BELLINGHAM, Wash. -- The Bellingham woman accused of shaking the life out of a 3-year-old girl pleaded not guilty in Whatcom County Superior Court on Friday.
Kamee Dixon said she is not responsible for second-degree murder in the death of Hazel Homan.
But the girl's maternal grandfather says all the medical evidence of physical abuse that has since surfaced shows that Hazel’s death was no accident.
Police say Dixon did an unimaginable thing to her boyfriend’s daughter leading to the child’s death. Detectives say Hazel was shaken so hard she had brain bleeds, which doctors compared to Shaken Baby Syndrome.
“I don't understand how anyone could hurt her, when I hear she said 'not guilty' with no look on her face, it infuriates me,” grandfather Jason Pederson said.
On Friday Dixon’s attorney, Emily Beschen, released this statement:
“The Shaken Baby Syndrome diagnosis has been under increasing scrutiny over the past decade. It has been used in courts to send a number of innocent people to prison. We ask the community refrain from passing judgement on Ms. Dixon until they have all of the facts.”
But family members can't get over all of the heartbreaking medical evidence that has since been provided by detectives.
Police say Hazel was physically tormented for the last 6 months of her life by Dixon while Hazel's father Brandon Homan was at work.
“The child was walking around in pain for the last 6 months,” Pederson said.
Court documents state a medical examiner found signs of four bones breaking and healing, including a broken finger, wrist, knee and hip bone. That these injuries occurred in the last 6 months of Hazel's life while in the care of Dixon.
But Beschen says since those allegations came out Dr. Emily Brown contacted Bellingham Police to let them know that the timing of the broken finger and wrist was unclear. Beschen says Dr. Brown also contacted the police to report that the broken knee and hip bone did not appear to be real.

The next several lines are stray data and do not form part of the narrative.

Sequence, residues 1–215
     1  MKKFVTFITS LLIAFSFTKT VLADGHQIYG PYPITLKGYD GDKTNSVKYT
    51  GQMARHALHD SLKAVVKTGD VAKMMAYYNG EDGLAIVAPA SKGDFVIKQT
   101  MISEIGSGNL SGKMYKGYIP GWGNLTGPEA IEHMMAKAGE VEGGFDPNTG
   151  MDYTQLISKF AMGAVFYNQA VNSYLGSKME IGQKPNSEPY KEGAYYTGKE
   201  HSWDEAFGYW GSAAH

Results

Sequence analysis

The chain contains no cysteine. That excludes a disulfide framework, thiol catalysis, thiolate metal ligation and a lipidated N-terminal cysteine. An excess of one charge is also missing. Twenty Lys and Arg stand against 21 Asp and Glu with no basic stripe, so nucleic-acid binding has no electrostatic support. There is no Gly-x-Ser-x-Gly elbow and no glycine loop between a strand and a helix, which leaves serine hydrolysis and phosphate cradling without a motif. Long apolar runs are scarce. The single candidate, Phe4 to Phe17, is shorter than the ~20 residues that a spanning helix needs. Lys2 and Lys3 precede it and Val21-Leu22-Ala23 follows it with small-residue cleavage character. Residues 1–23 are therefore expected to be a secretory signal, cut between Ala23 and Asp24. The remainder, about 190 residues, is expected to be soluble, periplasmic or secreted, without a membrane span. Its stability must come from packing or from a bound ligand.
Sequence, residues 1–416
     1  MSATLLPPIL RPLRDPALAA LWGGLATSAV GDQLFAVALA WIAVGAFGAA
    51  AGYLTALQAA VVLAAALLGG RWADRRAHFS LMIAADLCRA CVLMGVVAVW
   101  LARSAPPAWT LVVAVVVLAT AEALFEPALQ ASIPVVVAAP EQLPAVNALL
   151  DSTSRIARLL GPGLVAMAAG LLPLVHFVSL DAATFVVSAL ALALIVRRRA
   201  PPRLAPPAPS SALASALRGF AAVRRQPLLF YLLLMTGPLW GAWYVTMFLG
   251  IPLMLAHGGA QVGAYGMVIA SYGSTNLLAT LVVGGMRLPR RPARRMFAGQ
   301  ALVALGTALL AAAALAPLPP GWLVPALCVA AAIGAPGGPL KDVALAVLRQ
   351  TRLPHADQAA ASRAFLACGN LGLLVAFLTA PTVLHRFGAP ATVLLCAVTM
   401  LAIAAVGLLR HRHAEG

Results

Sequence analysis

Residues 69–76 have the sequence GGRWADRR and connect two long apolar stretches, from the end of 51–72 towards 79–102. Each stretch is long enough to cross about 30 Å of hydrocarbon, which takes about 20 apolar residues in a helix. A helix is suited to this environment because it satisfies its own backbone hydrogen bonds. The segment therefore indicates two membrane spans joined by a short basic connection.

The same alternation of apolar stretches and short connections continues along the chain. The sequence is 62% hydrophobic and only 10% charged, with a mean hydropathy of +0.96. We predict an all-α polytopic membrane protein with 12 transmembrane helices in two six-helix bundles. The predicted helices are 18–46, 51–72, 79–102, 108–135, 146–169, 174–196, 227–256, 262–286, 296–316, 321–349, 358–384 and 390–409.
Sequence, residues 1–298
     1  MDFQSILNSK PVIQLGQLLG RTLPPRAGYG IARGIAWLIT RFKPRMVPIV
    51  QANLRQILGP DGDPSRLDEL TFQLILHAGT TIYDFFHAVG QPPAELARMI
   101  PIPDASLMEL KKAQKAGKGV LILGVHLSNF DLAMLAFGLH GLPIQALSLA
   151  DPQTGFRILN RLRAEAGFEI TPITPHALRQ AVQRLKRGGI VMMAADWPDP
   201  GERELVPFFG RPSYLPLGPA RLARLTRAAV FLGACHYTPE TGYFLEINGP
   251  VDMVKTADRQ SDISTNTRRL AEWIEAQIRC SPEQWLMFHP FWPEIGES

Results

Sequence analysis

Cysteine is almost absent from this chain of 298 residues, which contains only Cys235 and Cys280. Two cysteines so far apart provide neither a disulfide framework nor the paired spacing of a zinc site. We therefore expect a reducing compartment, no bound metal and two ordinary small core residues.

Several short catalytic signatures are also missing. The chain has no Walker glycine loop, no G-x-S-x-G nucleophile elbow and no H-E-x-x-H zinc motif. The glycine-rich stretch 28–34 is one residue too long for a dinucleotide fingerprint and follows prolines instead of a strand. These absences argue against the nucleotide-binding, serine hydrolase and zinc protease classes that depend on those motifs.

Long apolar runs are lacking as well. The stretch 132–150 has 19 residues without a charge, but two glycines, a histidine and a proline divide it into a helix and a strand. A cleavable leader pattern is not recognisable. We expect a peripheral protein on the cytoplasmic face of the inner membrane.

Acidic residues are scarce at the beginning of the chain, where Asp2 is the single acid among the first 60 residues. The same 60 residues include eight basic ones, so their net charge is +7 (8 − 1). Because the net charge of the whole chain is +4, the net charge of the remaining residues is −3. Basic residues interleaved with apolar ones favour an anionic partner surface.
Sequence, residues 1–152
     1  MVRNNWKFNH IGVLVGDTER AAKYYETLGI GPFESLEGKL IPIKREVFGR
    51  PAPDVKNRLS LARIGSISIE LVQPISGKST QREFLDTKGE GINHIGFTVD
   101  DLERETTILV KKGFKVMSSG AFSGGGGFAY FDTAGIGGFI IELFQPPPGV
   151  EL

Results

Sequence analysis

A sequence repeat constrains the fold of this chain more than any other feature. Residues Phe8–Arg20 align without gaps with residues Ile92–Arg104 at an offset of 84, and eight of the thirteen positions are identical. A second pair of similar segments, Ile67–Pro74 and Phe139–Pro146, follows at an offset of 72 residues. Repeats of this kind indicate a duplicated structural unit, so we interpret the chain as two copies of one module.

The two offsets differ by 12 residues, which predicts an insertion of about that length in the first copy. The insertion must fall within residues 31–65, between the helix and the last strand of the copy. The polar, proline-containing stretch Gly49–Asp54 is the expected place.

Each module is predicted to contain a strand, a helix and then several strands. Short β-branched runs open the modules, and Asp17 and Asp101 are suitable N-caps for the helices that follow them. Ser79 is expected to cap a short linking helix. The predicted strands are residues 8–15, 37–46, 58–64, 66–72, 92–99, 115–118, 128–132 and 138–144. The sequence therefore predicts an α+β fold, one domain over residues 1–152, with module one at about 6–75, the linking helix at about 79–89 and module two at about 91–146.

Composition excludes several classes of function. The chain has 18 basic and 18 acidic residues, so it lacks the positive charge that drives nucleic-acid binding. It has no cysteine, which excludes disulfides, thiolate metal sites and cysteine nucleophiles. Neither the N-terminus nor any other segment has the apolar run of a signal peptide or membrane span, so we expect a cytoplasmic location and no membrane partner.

Detectives also brought up that in August a family member noticed a scar on Hazel’s chest that they described as a cigarette burn.
But Beschen says medical records provided has no medical professional saying there was any cigarette burns on Hazel's body.
Court documents also mention at least two visits to the hospital for a hand burn and eye injury.
Pederson says his granddaughter was never in the right care and he blames Child Protective Services.
“They took her from a kind and loving home where she was always happy,” Pederson said.
Hazel's dad Brandon Homan at one point was arrested for domestic violence, causing CPS to step in and take Hazel away. Hazel’s biological mother has not been in her life recently.
CPS placed Hazel with Brandon’s mom for more than a year, and she was with her grandmother up until this summer when she was placed back in her dad's care after he fought to get custody back.
Pederson also claims there were multiple complaints to CPS during the time Hazel was in Dixon’s care.
“If you go to the hospital it should be an immediate home visit and if it's questionable you should be taken,” Pederson said.
Pederson says he wants answers from CPS and justice for his beloved granddaughter.
“I hope that every bad thing that happened to her comes to light and everybody responsible pays for it,” Pederson said.
Last week Homan spoke with Q13 News and passionately defended his girlfriend. With all the allegations that have come forward, Q13 News tried to follow up with Homan about how he feels about his girlfriend now. He had no comment on Friday.
Q13 News has repeatedly reached out to CPS about the allegations, and Friday night a spokesperson responded by saying that they are working to gather information that they can share.
Dixon’s attorney also pointed out that the King County Medical Examiner’s Office has yet to determine Hazel’s cause of death.